Nesting: is it right for our family?

| Sep 16, 2020 | Child Custody |

If you are getting divorced and have children, it is likely that you and your ex-spouse will hold joint custody of your children in the aftermath. Known as co-parenting, this legal division of custody has many benefits for children. Even if you and your ex-spouse divorce, being equally involved in the lives of your children after is important.

However, this does not make co-parenting an easy situation. One of the common issues associated with co-parenting is moving the children between two separate households. In an attempt to solve this problem, some families have been engaging in “nesting,” which is where the children stay in one home and the parents rotate in and out like birds at the nest.

How is this beneficial?

Moving children back and forth between two separate residences can be stressful. Often, parents need to have two separate sets of all vital items like toothbrushes and pajamas. It is very easy for a child to forget a precious stuffed animal or an important school assignment at the other parent’s house. Keeping the children in one home alleviates these issues.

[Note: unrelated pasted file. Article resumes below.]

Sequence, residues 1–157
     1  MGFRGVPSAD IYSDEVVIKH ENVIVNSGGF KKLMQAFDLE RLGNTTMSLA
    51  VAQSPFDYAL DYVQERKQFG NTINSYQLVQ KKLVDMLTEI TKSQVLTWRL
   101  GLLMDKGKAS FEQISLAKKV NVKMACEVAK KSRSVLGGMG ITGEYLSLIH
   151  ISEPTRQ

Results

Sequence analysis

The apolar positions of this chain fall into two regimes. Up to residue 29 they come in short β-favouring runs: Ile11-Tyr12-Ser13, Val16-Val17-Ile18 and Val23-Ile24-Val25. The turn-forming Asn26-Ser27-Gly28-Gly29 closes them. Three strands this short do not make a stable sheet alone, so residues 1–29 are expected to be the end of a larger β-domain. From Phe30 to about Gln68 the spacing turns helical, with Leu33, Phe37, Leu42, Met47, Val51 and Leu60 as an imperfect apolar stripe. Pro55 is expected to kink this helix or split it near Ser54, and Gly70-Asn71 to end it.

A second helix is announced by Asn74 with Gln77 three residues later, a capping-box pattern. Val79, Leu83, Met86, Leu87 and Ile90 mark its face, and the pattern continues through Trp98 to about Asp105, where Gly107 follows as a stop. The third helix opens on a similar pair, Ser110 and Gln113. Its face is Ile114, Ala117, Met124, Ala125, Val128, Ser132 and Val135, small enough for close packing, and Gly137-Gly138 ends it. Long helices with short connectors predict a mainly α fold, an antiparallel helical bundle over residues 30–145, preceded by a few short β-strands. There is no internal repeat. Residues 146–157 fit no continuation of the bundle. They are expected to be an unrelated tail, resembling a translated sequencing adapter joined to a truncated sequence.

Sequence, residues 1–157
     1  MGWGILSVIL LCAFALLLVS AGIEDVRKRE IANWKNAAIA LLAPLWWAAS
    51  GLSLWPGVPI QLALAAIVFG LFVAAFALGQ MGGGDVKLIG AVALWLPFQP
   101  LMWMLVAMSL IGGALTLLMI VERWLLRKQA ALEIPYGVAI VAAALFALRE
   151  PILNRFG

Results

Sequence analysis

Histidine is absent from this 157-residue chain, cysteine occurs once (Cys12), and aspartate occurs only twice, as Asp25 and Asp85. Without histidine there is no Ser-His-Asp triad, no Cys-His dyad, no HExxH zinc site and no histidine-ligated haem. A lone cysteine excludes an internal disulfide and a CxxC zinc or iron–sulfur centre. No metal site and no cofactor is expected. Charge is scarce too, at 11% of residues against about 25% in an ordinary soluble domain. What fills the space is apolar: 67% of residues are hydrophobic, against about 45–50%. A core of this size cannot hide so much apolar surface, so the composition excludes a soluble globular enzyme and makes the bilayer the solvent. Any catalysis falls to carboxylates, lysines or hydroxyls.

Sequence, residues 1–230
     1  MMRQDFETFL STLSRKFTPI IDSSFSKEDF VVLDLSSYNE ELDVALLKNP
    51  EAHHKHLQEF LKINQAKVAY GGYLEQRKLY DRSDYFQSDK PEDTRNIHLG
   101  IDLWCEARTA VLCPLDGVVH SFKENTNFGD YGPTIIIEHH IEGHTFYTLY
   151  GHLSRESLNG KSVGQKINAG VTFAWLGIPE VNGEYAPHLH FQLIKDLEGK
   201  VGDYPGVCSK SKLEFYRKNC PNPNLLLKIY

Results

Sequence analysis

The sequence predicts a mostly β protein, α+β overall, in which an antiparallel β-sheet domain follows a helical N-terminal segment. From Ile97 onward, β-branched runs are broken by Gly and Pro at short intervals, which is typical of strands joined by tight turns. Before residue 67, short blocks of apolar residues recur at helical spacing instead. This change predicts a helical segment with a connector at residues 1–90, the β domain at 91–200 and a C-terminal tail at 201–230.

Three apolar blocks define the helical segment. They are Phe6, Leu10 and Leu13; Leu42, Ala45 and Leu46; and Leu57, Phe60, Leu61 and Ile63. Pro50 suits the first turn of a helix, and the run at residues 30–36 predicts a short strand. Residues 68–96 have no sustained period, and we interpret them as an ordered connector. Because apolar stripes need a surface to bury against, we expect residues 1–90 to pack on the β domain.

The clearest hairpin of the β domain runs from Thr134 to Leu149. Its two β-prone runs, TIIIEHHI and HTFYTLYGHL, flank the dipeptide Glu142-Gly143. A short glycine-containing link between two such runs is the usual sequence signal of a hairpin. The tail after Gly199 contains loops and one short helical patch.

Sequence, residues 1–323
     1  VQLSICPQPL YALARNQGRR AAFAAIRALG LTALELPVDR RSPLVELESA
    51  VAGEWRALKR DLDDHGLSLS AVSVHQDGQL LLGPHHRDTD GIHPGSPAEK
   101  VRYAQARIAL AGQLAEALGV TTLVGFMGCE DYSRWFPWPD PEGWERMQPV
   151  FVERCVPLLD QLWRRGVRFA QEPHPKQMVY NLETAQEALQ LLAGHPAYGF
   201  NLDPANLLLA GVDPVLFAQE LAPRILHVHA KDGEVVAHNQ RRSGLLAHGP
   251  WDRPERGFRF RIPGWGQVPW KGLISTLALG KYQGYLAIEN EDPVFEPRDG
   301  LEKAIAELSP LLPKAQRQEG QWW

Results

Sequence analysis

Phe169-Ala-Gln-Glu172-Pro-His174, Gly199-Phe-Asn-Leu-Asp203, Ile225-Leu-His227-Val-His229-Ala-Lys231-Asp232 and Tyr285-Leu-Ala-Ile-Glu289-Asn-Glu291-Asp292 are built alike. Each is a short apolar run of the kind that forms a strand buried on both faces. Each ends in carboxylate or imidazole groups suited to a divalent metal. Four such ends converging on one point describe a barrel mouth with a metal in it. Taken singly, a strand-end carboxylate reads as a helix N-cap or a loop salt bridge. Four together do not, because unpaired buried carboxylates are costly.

Additionally, nesting may be the only way families can keep their children in the same school district with the same friends if they reside in an expensive neighborhood. Nesting allows the parents to financially maintain the family home without both parents needing to live there at the same time.

Where does the “off-duty” parent go?

This depends on the arrangement, but in some cases the parent who is not in the house will live with other family or friends. Sometimes, the parents agree to maintain a separate apartment for the parent who is not “on-duty” to live in.